Review: All the Angels: Handel and the First Messiah (Sam Wanamaker Playhouse)
Nick Drake's play about Handel's Messiah returns to the candle-lit space at Shakespeare's Globe
After a short run last year, Nick Drake's play about the formidable German composer Handel – who lived most of his life as a British citizen – returns to the warm and festive atmosphere of the Sam Wanamaker Playhouse. It's some excellent combining – choral music, candlelight and Christmas.
When the music kicks in, these three things come together in All the Angels to make a heady brew. Drake focuses on Handel's time creating one of his finest works – Messiah, which first opened in Dublin in 1742 and was partly performed, not by a professional soprano, but by a young, disgraced actress. The story begins with the moment Handel is forced to rehearse the rapturous and intensely religious piece for the first time above a Chester pub (oh the irony). The narrative continues to his arrival in Dublin and his subsequent work with singer and actress Susannah Cibber – who had just scandalised the whole of London with a juicy affair and a messy time in the courts with her husband.
Staged with an ensemble choir, which includes members of The Sixteen – one of the foremost UK choirs of today – the music is very much a lead role in All the Angels. Sections from Messiah drift in and out of the storyline, adding to, but also distracting from, the plot. These moments, with the dim light and the excellent voices, are transporting.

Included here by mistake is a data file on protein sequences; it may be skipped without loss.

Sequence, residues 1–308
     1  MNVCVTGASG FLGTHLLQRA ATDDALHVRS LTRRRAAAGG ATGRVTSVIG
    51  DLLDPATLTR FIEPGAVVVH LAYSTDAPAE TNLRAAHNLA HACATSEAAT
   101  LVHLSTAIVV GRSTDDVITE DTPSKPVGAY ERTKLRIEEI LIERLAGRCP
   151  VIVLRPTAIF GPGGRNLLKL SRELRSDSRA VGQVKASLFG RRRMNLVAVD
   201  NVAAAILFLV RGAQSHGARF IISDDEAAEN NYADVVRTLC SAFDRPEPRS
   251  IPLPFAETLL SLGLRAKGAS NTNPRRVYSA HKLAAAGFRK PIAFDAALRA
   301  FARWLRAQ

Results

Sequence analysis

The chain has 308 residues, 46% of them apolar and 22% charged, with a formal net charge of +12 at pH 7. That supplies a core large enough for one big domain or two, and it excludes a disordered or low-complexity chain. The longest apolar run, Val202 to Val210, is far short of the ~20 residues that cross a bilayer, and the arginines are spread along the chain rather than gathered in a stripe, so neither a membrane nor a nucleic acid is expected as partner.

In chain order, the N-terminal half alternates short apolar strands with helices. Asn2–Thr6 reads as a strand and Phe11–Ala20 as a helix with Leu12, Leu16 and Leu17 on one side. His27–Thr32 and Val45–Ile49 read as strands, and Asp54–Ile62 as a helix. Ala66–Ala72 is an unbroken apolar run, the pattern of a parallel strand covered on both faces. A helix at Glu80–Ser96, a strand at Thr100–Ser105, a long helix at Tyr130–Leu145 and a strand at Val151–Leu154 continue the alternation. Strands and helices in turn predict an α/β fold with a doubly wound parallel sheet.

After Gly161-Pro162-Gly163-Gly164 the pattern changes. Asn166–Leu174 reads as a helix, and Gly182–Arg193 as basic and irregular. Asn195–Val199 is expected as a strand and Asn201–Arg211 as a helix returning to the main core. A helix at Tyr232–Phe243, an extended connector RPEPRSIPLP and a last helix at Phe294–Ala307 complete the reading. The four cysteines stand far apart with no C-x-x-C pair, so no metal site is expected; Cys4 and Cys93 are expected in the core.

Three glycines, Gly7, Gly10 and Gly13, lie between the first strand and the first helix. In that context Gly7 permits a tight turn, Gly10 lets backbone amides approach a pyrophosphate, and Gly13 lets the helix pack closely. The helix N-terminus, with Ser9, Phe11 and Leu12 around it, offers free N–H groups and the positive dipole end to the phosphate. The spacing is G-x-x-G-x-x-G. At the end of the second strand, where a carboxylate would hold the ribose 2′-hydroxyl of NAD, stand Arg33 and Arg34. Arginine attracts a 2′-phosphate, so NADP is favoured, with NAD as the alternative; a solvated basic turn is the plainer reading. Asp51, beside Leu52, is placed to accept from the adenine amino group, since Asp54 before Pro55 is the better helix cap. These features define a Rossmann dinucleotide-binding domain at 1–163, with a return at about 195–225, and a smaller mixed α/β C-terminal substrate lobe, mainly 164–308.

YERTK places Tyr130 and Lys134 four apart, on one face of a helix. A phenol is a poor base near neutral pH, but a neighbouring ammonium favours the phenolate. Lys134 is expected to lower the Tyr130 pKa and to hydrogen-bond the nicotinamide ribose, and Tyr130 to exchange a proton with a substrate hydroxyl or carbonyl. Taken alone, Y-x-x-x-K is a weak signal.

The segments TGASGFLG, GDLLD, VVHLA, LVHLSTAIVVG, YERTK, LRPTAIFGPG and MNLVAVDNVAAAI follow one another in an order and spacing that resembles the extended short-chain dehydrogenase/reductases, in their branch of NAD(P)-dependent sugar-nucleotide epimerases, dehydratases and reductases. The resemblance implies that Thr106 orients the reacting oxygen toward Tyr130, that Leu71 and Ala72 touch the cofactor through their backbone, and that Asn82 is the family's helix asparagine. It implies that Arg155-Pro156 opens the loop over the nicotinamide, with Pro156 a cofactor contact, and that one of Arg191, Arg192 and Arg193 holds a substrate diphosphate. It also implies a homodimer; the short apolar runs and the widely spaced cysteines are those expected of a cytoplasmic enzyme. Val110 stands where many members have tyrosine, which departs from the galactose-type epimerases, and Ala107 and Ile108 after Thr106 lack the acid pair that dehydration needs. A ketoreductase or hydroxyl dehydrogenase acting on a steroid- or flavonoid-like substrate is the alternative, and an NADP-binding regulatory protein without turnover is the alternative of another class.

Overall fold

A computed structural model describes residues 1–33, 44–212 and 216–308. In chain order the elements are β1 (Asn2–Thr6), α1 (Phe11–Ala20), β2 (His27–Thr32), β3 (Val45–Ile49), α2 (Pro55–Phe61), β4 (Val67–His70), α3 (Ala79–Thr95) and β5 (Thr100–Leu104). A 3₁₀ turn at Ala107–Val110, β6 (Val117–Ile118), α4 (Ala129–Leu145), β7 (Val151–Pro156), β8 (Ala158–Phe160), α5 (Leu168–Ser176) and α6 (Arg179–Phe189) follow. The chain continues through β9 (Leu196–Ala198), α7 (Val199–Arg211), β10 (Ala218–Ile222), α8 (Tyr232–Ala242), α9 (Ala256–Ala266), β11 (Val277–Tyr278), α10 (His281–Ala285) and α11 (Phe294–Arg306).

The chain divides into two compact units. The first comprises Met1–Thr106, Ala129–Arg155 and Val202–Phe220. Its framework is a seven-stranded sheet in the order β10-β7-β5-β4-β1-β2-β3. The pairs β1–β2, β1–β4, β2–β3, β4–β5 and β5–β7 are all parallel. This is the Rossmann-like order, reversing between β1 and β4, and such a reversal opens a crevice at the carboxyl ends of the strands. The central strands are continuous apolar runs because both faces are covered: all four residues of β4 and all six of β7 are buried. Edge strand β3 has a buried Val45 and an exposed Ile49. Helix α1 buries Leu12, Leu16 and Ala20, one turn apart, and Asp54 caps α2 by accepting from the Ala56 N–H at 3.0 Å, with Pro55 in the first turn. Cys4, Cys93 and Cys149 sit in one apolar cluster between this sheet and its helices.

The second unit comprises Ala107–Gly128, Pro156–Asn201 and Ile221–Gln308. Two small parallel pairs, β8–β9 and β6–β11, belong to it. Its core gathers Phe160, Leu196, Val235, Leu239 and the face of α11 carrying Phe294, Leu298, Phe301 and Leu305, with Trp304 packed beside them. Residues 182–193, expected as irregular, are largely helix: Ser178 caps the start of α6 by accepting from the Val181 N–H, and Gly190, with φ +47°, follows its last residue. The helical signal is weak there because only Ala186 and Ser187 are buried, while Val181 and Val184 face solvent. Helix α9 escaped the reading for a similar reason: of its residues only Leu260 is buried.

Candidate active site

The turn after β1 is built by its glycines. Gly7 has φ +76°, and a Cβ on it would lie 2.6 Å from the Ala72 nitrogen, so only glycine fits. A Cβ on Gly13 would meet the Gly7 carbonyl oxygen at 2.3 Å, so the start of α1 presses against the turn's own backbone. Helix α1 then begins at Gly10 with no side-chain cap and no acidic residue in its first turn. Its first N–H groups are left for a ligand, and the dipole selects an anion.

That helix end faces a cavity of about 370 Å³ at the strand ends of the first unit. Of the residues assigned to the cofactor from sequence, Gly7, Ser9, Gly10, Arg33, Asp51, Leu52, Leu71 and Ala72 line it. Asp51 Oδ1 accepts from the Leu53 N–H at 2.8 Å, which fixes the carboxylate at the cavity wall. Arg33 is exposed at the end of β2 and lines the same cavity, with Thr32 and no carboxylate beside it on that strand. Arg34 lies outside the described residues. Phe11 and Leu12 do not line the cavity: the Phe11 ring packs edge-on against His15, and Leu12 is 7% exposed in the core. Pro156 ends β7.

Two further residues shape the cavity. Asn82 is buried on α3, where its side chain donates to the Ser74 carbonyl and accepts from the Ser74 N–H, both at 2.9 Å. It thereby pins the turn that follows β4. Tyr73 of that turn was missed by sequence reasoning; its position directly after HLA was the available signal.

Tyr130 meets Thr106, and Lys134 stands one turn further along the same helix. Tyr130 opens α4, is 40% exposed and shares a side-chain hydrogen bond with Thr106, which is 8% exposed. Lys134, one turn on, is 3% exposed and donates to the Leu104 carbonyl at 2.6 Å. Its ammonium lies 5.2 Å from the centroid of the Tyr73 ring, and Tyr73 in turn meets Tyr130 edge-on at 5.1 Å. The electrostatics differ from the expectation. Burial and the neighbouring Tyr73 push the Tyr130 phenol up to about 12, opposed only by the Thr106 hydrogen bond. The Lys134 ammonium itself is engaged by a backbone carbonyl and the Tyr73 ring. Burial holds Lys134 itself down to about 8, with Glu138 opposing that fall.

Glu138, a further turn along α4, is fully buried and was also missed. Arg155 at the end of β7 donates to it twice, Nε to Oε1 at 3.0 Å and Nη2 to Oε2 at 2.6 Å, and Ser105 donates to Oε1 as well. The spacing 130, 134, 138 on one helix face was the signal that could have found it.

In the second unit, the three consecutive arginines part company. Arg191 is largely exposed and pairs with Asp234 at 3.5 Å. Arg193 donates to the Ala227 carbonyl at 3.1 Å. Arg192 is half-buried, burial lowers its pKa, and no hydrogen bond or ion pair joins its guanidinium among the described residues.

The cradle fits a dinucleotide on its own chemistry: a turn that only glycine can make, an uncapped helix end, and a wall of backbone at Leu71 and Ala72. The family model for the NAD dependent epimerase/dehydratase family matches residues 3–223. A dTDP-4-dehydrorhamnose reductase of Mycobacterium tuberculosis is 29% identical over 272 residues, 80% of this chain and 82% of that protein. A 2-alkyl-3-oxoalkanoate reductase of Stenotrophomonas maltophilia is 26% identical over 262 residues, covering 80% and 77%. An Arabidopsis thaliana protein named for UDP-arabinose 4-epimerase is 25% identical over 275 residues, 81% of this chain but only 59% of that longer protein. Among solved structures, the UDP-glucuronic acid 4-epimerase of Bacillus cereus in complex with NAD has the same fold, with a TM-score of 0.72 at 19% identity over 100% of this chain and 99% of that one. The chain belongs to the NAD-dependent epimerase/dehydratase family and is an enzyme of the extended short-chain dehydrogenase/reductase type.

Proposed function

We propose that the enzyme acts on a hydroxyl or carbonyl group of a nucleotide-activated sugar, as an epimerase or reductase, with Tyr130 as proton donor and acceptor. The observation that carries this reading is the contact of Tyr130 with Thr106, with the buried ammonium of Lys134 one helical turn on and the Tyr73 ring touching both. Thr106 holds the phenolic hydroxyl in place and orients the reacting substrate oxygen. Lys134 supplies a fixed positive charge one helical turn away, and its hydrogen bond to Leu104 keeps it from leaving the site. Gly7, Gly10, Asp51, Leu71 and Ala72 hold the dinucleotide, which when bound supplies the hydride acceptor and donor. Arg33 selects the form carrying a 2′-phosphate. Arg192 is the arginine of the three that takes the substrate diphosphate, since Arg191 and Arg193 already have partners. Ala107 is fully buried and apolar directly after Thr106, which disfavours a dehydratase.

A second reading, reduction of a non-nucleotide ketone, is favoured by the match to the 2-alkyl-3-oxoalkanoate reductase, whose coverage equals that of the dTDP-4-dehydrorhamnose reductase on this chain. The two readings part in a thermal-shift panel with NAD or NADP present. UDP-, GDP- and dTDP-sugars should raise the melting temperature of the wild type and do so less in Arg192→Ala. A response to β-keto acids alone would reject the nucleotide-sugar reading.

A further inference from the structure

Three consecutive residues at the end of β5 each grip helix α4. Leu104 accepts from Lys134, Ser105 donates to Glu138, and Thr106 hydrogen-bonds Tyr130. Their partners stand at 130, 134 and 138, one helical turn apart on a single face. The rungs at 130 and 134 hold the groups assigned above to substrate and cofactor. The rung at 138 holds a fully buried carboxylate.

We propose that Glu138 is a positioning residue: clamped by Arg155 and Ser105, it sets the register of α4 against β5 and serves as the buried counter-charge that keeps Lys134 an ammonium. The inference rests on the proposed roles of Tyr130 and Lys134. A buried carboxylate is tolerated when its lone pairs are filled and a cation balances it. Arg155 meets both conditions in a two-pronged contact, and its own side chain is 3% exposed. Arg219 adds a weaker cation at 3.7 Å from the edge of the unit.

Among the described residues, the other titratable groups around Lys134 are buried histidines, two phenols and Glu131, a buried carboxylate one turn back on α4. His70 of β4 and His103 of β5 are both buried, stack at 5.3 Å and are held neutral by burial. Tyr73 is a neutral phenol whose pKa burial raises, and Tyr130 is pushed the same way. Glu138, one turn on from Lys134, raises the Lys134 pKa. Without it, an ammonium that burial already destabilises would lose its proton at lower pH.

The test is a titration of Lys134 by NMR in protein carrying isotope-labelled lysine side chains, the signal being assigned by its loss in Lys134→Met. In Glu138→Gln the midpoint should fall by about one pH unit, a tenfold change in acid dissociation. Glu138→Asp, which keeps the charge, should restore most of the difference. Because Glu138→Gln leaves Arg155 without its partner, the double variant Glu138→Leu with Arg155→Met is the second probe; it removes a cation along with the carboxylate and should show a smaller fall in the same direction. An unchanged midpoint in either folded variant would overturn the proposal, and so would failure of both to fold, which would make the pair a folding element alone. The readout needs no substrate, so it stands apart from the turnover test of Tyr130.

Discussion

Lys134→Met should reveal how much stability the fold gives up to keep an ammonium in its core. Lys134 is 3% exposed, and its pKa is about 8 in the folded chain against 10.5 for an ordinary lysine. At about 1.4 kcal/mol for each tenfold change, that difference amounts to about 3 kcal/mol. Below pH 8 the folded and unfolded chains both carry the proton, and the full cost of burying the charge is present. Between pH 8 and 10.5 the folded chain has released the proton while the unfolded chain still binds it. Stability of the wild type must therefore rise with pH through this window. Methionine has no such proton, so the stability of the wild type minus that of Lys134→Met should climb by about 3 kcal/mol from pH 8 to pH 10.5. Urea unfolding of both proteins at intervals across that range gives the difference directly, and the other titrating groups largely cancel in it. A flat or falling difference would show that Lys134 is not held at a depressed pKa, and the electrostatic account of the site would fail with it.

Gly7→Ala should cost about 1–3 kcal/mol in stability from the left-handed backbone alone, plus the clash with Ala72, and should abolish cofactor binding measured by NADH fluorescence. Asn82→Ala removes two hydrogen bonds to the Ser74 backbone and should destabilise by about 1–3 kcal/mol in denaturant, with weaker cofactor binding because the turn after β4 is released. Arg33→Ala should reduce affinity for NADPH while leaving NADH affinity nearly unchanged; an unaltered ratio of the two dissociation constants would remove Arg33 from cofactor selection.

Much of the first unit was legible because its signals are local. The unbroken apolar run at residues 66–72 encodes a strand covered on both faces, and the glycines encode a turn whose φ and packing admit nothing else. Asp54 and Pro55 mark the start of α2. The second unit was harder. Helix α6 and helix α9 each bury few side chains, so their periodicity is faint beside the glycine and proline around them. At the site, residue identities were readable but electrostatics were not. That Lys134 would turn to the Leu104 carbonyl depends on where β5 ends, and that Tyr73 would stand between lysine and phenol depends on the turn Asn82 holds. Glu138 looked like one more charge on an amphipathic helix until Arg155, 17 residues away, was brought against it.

The piece itself struggles a little, and feels fragmentary in the sections without music. Drake also tries to include several peripheral characters whose narratives aren't fully fleshed out. The odd figure of Crazy Crow, a music porter, acts as narrator and is played beautifully by Sean Campion. Campion also plays several of the other characters – including William Cavendish and Messiah's librettist Charles Jennens. But the moments where Campion plays a figment of Handel's imagination, in scenes where the beginnings of illness take hold of the composer, get a little confusing. They feel superfluous - spelling out what the music could easily tell us.
Still, David Horovitch is superb as Handel – with an excellent German accent that rolls the rs and elongates the vowels perfectly. Drake's play also has much poetry and some humour: "Don't talk about the opera!" shouts Handel repeatedly, after a not-spoken about failure in London. His remarks on being stuck in Chester over the River Dee – "the most unmusical of rivers" are also very funny. Kelly Price as Susannah Cibber is mesmerising to watch as at first her character struggles with Messiah's non-theatrical form and then becomes entirely at one with the music.
It is the song, really, which makes this production. It fills the small Sam Wanamaker, infusing the space with light, love and heart-enriching sound. It is an absolute treat to hear it in such a space, the gold from the backdrop glints and shimmers in the glow of candles as the sound lifts the heart and soul, just as Handel intended.
All the Angels runs at the Sam Wanamaker Playhouse until 12 February.